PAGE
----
Introduction: In response to cutbacks in international funding assistance to China, Yu Fangqiang, executive director of the Nanjing-based civil rights NGO, Justice For All, says that, now more than ever, Chinese NGOs need more funding and support from the international community.
The global economic contraction that began at the end of 2008 has cast a shadow over the rapid growth of Chinese civil society. This shadow, the dark side of China’s outstanding economic performance, has gradually developed into a disastrous trend. This is because more and more international organizations believe that because China is rich, it is therefore entirely able to support the growth of its own domestic NGOs. Moreover, with respect to AIDS, the Chinese government has announced China’s withdrawal from the Global Fund and solemnly promised to pay for AIDS prevention projects itself. As a result, international organizations have reason to believe that the Chinese government will adopt similar measures in other areas of society.
I think this is a standard misconception in Western countries, and does not correspond at all to the reality in China. Snowden and his ilk, for example, are products of American democracy, and perhaps democratic counties will see similar figures become more and more common. In China, however, the situation is precisely the opposite: here, ever greater numbers of people are actively seeking to become the next Fang Binxing (father of the Great Firewall, who helped the Chinese government establish the online censorship system capable of monitoring 1.4 billion people). We will have no Snowden of our own.
This is the “Chinese system” confronting both the international community and Chinese civil society.
Chinese people have always suffered from excessive monitoring by our own government, and we have always lived in fear of that government. I myself, for example, a 28-year-old NGO leader and law school graduate, require a certain amount of courage to write this essay. It is easy for Chinese people living under this system to develop a kind of Stockholm syndrome. Take North Korea for example: when the dictator Kim Jong-il died, the scenes of people weeping bitter tears were almost enough to make one think that life in North Korea must have been the happiest in the world. Of course, life in China in 1976 must have been even “happier”: when Mao Zedong passed away, one billion people grieved as if they wished they were dead.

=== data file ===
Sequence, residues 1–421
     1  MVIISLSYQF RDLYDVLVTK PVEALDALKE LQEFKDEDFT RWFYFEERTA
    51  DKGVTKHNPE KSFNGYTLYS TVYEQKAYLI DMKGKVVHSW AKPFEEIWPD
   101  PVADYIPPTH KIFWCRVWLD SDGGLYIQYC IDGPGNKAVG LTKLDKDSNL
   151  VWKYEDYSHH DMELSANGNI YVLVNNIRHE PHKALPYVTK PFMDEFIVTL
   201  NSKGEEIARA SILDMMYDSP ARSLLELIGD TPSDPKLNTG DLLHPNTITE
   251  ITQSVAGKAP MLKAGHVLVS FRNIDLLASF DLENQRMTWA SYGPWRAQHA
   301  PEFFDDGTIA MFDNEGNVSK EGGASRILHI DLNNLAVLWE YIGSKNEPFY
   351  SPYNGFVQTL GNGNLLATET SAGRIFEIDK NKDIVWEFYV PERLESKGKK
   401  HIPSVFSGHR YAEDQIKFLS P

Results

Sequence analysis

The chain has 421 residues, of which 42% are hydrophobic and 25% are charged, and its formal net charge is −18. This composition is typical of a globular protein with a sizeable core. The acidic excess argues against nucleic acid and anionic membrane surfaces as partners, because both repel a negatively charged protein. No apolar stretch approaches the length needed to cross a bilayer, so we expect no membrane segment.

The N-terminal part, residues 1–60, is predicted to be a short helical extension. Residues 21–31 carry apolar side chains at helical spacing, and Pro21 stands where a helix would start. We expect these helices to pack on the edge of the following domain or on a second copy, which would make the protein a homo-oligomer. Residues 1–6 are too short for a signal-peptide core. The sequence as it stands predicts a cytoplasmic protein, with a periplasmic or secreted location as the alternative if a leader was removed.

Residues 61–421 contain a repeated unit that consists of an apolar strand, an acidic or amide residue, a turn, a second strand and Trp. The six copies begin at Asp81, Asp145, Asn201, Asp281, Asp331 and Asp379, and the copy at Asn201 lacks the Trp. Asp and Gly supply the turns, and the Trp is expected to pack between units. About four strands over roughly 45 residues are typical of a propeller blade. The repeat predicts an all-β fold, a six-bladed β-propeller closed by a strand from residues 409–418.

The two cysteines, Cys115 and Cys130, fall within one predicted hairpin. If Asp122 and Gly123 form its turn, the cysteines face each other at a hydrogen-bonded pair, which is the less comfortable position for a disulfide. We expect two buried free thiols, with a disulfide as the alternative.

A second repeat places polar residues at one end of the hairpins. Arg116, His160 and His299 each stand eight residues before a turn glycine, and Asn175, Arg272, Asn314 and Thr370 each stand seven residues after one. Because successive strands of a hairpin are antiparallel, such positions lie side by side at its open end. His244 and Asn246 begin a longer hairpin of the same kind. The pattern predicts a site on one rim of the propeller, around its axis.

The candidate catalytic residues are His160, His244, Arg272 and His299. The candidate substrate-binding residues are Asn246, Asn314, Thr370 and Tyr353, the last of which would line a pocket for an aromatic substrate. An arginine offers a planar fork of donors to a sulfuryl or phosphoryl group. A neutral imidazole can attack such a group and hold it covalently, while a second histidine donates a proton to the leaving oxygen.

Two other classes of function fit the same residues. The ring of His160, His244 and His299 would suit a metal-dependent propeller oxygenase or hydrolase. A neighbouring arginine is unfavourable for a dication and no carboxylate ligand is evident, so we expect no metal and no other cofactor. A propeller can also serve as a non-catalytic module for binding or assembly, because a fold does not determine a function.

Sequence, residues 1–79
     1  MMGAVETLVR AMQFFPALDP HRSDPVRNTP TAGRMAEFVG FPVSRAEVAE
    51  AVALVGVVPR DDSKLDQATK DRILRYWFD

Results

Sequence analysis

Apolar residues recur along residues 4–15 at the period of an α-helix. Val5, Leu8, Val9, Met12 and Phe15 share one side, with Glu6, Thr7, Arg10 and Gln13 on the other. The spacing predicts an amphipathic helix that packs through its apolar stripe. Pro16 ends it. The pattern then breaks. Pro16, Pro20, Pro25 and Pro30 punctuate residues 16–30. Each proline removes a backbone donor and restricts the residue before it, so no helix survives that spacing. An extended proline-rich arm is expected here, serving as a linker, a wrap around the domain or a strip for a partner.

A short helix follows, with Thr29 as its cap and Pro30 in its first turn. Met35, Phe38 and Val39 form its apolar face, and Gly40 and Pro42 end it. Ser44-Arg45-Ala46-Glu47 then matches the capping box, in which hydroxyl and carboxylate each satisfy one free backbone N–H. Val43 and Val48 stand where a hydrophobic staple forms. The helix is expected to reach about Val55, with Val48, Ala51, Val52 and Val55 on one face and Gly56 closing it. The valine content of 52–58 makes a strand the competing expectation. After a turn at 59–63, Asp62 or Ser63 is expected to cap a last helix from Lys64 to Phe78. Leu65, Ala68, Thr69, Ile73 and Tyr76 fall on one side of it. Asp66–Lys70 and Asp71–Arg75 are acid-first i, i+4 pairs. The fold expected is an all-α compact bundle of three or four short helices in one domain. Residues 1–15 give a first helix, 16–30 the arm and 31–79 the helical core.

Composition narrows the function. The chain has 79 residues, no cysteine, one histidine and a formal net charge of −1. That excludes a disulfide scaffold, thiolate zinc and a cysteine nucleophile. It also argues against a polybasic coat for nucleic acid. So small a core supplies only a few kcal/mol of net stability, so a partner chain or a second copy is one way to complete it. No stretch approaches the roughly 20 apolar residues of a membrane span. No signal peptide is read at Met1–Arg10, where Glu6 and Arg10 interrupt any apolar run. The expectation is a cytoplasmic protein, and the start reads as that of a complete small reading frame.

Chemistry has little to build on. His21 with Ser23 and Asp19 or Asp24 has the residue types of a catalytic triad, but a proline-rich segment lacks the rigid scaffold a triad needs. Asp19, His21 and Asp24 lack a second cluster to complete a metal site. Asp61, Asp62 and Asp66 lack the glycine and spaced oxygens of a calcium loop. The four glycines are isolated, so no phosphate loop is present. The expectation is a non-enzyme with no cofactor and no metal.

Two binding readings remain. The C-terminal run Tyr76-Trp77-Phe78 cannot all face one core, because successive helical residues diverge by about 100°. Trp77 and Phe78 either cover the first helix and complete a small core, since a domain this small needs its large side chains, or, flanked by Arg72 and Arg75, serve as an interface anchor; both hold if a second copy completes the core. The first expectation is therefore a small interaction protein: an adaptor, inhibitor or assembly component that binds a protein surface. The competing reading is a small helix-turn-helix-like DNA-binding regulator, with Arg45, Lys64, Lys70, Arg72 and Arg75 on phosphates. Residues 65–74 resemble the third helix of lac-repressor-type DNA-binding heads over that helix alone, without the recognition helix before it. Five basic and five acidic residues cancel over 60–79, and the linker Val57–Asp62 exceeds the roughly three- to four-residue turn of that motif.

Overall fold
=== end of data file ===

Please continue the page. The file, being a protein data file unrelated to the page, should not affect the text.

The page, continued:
But, this is really not the life we want, a freedom and dignified “we”.
Why Is It a Disaster?
One principle that the whole world must understand is this: if the international community does not support Chinese civil society, no one will – not unless China experiences some radical event even more unexpected than the self-immolation of the Tunisian peddler Mohamed Bouazizi. This is because self-immolation long ago stopped being a shocking event in China, and increasing numbers of self-immolators and suicide-bombers have failed to bring about any substantive change.
We must also understand that, as long as China’s power structure remains unchanged, Chinese society – no matter how it may evolve – will carry traces of that power structure embedded in its every detail. On the basis of this concept, Chinese companies will never genuinely support civil society. Because their own power derives from the larger system of authority, they must obey the orders of that system. For example, China’s largest economy hotel chain broke a signed business contract with my own organization, Justice For All, after receiving a mere oral warning from the local police. For the same reason, it is impossible for true corporate social responsibility to exist in China. We are left instead with “corporate governmental responsibility”: companies answer only to the government, and need take no note of China’s 1.4 billion people, no matter how loud the voices of protest. The many Chinese milk industry tycoons unscathed by their involvement in the poisoned milk powder scandal, in which each injured child received on average only RMB 2000 as compensation, serves as a typical example.